In summary, the Business Case clearly demonstrates that rebuilding the SFS, with either 40,000 or 45,000 seats is a better option than refurbishing the existing venue. The quantifiable economic benefits of a new stadium fall slightly short of the economic costs.

However, the unsustainable nature of the alternative to do only enough work to keep the stadium open, suggests that rebuilding is an acceptable option. Click here to view it in full.

Development update

Development update

A world-class stadium is one step closer with Lendlease announced as the construction contractor for the Allianz Stadium redevelopment.

NSW Minister for Sport Stuart Ayres said reaching this major milestone has paved the way for the redevelopment to commence in January 2019.

“NSW deserves the best stadiums and the new Sydney Football Stadium will make us number one again,” Mr Ayres said.

“NSW needs it, we’re delivering it. It’s time to get it done.

“This stadium will set a new standard for fan experience in Australia. It will kick Melbourne to the kerb and punt Brisbane to reserve grade.”

The new Sydney Football Stadium will be a nationally and globally competitive venue, ensuring that Sydney remains a preferred destination for major local and international events.

“The redevelopment also presents an opportunity to realign our recreational facilities with the demands and aspirations of today’s members,” said SCG Trust CEO Kerrie Mather.

“We will continue to involve members thoroughly in the process to ensure we get the best result for them as well as future generations.”

The project will create more than 600 construction jobs and support around 300 jobs once operational. The stadium is expected to be complete in early 2022.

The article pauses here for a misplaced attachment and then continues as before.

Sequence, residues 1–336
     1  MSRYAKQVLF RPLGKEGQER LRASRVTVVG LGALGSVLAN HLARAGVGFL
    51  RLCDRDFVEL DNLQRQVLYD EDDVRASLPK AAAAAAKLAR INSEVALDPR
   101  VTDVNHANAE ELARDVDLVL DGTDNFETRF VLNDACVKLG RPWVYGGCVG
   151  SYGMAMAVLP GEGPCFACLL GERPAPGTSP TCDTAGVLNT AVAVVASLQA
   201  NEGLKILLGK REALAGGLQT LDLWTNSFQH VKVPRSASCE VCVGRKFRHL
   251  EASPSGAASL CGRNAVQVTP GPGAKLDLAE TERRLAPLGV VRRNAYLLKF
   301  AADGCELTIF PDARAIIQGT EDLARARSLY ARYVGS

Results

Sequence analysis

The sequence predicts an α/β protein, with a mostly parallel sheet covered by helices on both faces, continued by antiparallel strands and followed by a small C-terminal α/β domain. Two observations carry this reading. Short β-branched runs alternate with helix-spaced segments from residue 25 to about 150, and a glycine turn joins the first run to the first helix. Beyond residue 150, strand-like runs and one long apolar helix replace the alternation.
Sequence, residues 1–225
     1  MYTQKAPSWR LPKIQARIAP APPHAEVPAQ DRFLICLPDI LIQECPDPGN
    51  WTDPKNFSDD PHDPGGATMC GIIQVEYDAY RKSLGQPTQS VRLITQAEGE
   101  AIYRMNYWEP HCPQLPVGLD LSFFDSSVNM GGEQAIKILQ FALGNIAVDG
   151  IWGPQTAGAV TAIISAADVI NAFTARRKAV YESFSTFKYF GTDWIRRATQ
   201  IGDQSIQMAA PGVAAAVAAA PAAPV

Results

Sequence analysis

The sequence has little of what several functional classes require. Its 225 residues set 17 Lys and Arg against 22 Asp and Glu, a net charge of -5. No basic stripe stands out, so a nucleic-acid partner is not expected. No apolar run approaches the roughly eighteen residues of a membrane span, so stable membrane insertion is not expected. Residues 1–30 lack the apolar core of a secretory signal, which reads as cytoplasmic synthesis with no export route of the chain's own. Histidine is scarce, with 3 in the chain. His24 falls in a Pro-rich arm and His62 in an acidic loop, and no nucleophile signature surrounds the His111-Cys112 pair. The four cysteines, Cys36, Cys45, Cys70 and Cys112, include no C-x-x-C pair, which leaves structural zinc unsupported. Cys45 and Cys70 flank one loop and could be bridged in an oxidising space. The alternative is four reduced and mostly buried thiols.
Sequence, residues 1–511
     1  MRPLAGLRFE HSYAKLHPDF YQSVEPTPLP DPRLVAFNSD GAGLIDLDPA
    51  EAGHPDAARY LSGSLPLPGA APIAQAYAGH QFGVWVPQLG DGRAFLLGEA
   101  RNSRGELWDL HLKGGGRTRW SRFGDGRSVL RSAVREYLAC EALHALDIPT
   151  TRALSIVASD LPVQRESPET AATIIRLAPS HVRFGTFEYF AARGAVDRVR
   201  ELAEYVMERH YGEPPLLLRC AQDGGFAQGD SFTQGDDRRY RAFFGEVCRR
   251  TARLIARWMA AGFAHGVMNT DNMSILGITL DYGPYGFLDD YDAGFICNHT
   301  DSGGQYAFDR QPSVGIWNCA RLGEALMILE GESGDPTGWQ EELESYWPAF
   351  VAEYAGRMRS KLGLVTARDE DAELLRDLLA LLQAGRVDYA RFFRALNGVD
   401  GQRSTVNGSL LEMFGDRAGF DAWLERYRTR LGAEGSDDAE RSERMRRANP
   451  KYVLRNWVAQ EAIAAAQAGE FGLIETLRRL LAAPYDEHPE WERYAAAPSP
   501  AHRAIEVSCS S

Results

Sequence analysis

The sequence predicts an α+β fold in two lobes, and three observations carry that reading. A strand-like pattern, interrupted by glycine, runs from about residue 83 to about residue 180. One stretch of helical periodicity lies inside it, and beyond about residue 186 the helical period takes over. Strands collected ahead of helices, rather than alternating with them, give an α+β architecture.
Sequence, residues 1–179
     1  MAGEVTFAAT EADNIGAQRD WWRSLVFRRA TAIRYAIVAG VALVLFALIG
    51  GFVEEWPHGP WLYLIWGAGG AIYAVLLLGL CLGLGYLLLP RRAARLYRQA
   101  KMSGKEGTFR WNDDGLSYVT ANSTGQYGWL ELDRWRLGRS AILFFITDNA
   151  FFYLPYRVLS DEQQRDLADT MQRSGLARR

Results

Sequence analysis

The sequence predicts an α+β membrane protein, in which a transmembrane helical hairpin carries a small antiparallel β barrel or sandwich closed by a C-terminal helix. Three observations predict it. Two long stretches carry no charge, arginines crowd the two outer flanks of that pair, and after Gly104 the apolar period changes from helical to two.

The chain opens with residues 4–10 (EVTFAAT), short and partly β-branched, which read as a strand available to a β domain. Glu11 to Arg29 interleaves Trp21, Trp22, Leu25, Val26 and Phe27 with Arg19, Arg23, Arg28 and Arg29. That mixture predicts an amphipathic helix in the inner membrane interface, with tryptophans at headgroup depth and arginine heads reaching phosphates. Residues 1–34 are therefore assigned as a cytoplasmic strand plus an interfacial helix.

Have your say

Have your say

Infrastructure NSW is committed to extensive community engagement throughout the planning process, and is currently seeking feedback to inform the Environmental Impact Statement to support both stages of the development application.

To register your interest in upcoming engagement events and for further information:

Public email [email protected]
Public phone 1800 931 109
Members email [email protected]
Members phone 1800 801 155

EIS Submission

EIS Submission

I write on behalf of the Sydney Cricket and Sports Ground Trust to strongly support the redevelopment proposal for the Sydney Football Stadium (SFS).

The plan to demolish and rebuild a new Sydney Football Stadium is the only sensible and prudent use of public money. I congratulate the Berejiklian Government for embarking on long overdue upgrades of Sydney’s rectangular sporting venues Western Sydney Stadium, Allianz Stadium and ANZ Stadium, a small but important part of the massive infrastructure investment currently under way in Sydney. 

The policy decision will revolutionise the live sport and entertainment experience in our city, attracting new events and making our current events even better.